The student-led movement to end mass atrocities.

Weekly News Brief, October 5 – 11

Areas of Concern

·         The AU Panel on Darfur, led by Thabo Mbeki, submitted its report to the AU, but the report will remain confidential until the AU summit later this month. In handing over the report, Mbeki said that a peaceful solution to the Darfur conflict involves the participation of all Sudanese.

·         The Sudanese government denied that it was actively recruiting former US executive branch officials to lobby for the removal of sanctions and the country’s designation as a state-sponsor of terror. Sudan reportedly recruited former National Security Advisor Robert McFarlane and attempted to recruit John Danforth and Richard Williamson.

·         Six more Armored Personnel Carriers, donated by Canada, have arrived in Senegal in preparation for deployment with the UNAMID force.

·         The Doha talks on Darfur will resume at the end of October in Qatar.


·         Writing in the Irrawaddy, Saw Yan Naing stated that the Junta’s new anti-drug policies in the north are cover for the government’s goal of integrating ceasefire militias into a border guard force.

·         The Thai government said that it would not forcibly repatriate Burmese refugees if a new round of fighting in the north led to mass displacement.

·         In a meeting with diplomats from the United States, United Kingdom and Australia, Aung San Suu Kyi discussed what sanctions are currently on Burma, the motives behind their imposition and their impact on citizens of the country.

Democratic Republic of Congo

·         LRA fighters killed twenty-two people and abducted 12 more from the town of Digba, near the city of Dungu in the northern DR Congo.

·         According to the Ugandan People’s Defense Force, the LRA is reportedly moving towards Chad. Last week, the LRA was reportedly moving towards the Sudanese state of Bahr el Ghazal.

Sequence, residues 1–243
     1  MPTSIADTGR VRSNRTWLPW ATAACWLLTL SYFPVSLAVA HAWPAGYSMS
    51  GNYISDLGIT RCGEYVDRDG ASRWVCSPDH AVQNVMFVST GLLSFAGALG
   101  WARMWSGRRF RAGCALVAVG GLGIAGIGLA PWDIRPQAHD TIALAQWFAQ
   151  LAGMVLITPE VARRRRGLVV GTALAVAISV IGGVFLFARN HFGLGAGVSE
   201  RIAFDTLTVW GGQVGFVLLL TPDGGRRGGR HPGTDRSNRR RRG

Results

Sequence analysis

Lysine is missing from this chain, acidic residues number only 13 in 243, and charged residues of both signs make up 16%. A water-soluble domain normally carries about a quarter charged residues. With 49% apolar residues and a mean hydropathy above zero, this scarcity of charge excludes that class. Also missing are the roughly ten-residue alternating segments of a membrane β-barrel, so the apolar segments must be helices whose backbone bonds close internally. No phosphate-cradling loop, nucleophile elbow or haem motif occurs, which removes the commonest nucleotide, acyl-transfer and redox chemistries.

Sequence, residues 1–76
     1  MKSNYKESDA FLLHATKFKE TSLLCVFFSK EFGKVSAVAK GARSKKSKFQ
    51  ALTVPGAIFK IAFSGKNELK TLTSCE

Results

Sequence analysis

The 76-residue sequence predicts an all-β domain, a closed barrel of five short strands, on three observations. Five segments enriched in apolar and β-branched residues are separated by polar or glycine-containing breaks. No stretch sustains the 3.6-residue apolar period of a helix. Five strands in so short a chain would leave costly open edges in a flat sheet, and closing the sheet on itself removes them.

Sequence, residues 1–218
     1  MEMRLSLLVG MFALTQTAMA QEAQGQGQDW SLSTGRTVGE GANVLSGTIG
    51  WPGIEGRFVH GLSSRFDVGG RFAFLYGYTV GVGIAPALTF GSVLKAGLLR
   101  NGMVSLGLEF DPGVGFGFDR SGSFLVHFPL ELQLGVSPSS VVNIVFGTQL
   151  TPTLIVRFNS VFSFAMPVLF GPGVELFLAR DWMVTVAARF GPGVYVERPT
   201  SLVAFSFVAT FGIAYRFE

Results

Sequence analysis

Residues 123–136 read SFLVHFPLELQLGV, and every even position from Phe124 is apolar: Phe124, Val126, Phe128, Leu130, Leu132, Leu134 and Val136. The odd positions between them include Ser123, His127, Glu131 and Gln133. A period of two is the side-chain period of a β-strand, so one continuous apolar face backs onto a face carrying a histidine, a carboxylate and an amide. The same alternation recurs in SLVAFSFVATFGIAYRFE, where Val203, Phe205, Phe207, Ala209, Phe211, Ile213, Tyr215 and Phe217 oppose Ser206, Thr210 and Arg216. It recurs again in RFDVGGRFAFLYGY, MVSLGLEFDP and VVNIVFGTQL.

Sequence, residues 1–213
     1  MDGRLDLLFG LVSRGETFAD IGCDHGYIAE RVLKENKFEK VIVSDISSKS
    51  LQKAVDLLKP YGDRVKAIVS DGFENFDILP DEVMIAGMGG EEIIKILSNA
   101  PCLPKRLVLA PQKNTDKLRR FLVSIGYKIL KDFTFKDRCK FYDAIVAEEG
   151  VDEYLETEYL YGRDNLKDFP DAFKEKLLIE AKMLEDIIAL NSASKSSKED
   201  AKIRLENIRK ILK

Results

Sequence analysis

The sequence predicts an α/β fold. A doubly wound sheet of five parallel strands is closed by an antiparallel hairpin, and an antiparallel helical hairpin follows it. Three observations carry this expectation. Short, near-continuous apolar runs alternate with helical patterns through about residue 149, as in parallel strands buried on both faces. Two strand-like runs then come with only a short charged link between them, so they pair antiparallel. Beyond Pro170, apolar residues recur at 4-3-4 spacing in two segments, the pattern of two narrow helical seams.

·         OCHA released its humanitarian update for September 2009, stating that September was the second deadliest month for civilians in 2009. 280 civilians were killed in September, 193 of which were attributed to armed opposition groups. At least 130 of these casualties were caused by IEDs.

·         A suicide bomber attacked the Indian Embassy in Kabul, killing 17 and injuring more than 50. This is the second major attack on the Indian Embassy in the last two years and the second large attack in Kabul in the last month.

·         President Obama says he will not substantially cut the number of troops in Afghanistan but remains undecided about whether to increase U.S. military presence there.

·         8 people, including at least 5 civilians, were killed in a coalition forces airstrike last week.


·        More than 40 people were killed in a market bombing in the city of Peshawar. This is the second major bombing targeting civilians in the last week.

·         A suicide attack struck the U.N. World Food Program’s offices in Islamabad on Monday, killing five civilians. The Pakistani Taliban claimed responsibility for the attack, saying humanitarian work was not “in the interests of Muslims.”  The U.N. temporarily closed its offices across the country while it reviews security arrangements.  More bombings are expected as the Pakistani army prepares for an assault on South Waziristan, considered a Taliban stronghold.

·         A video that cropped up on Facebook last Thursday shows Pakistani troops abusing a Taliban suspect during an interrogation. The video, if verified as truthful, would provide further evidence to human rights groups’ claims that the Pakistani army has committed human rights abuses in the Swat Valley. Pakistan’s government has begun an investigation into the video’s veracity.

·         A Senate bill to triple non-military U.S. aid to Pakistan to $1.5 billion a year for five years passed the House last week. The State Department says it is considering changing where the aid goes, hoping to funnel it more directly to the government and local groups.